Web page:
Companies Settle After Compromising Privacy of 65,000 Consumers
Despite claims from Ceridian Corporation and Lookout Services Inc. that they took reasonable measures to secure sensitive personal information -- including Social Security numbers -- FTC lawsuits against the companies accused them of negligence whose "unfair and deceptive" security practices put the personal information of nearly 65,000 consumers at risk.The settlements with Ceridian and Lookout require both companies to implement comprehensive information security programs that will be subject to independent audits every other year to ensure compliance.
Ceridian, which provides corporate payroll and other human resource services to its customers, claimed it maintained "Worry-Free Safety and Reliability . . . Our comprehensive security program is designed in accordance with ISO 27000 series standards, industry best practices and federal, state and local regulatory requirements."
The FTC, however, accused Ceridian of inadequate security practices, including a failure to protect its network from foreseeable attacks and the indefinite storage of personal information in clear, readable text on its network without any compelling business need.
Ceridan's sloppy security procedures, the FTC charged, allowed a hacker to breach one of the company's web-based payroll processing applications in December 2009, compromising the personal information, such as Social Security numbers and direct deposit information, of approximately 28,000 employees of Ceridian's small-business customers.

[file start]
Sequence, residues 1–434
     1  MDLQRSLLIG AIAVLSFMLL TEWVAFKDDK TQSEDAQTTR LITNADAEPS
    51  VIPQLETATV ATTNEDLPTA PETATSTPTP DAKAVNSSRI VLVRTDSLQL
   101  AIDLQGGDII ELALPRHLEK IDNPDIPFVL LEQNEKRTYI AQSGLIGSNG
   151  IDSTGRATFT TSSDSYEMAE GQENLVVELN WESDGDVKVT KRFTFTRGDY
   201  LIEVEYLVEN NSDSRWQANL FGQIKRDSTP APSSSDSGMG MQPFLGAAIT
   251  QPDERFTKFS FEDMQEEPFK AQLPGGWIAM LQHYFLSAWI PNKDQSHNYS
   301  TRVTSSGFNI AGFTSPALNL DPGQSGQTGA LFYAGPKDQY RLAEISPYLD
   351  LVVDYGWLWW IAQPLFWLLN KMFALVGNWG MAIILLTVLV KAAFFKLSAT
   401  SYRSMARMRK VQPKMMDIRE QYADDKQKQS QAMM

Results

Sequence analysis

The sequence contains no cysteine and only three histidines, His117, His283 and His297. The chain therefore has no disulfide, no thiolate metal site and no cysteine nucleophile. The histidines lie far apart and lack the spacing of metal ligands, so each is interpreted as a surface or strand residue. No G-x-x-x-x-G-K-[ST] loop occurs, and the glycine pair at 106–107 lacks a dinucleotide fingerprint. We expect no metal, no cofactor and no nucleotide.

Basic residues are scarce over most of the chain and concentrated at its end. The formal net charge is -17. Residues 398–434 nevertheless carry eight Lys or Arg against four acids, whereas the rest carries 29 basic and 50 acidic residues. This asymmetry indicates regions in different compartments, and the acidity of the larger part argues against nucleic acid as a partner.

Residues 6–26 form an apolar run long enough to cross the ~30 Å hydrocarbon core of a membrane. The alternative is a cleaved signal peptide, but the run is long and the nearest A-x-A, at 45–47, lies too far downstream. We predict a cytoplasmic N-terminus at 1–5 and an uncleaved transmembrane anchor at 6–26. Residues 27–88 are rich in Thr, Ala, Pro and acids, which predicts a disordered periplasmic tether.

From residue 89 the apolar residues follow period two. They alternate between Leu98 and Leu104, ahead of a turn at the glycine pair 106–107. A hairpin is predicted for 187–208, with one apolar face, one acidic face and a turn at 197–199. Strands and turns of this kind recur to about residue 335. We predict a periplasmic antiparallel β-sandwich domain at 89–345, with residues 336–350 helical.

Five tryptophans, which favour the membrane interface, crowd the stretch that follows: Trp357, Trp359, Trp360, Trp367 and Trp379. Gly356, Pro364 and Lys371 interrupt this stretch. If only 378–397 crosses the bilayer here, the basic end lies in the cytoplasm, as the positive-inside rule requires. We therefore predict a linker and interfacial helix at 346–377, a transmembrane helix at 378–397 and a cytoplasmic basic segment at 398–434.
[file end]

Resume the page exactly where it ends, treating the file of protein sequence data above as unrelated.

The other defendant, Lookout, markets software that allows employers to comply with federal immigration laws by storing sensitive information including names, addresses, dates of birth and Social Security numbers.
Despite Lookout's claims that its system kept data reasonably secure from unauthorized access, the FTC's complaint said the company's lackadaisical safeguards permitted unauthorized access to sensitive employee information by typing a simple URL into a web browser -- without even requiring a user name or password.
The FTC also accused Lookout of failing to require strong passwords, periodic password changes or adequate employee training. As a result, an employee of one of Lookout's customers was able to access sensitive information in the company's database, including the Social Security numbers of some 37,000 consumers.
The settlement orders bar both companies from making misleading claims about the privacy, confidentiality or integrity of personal information collected from or about consumers. They also require Ceridan and Lookout to implement comprehensive information security programs and to obtain independent, third-party security audits every other year for the next 20 years.
The settlements represent the latest actions in the FTC's ongoing campaign to make sure companies safeguard consumers' personal information. To that end, the agency has sued 34 businesses since 2001 for failing to protect consumers' personal information.
During testimony Wednesday before the House Committee on Energy and Commerce, Subcommittee on Commerce, Manufacturing and Trade, David Vladeck, director of the FTC's Bureau of Consumer Protection, cited both the Ceridan and Lookout settlements while underscoring the potential harm from negligent corporate security procedures.
"Data security is of critical importance," Vladeck told Congress. "If companies do not protect the personal information they collect and store, that information could fall into the wrong hands, resulting in fraud and other harm, and consumers could lose confidence in the marketplace."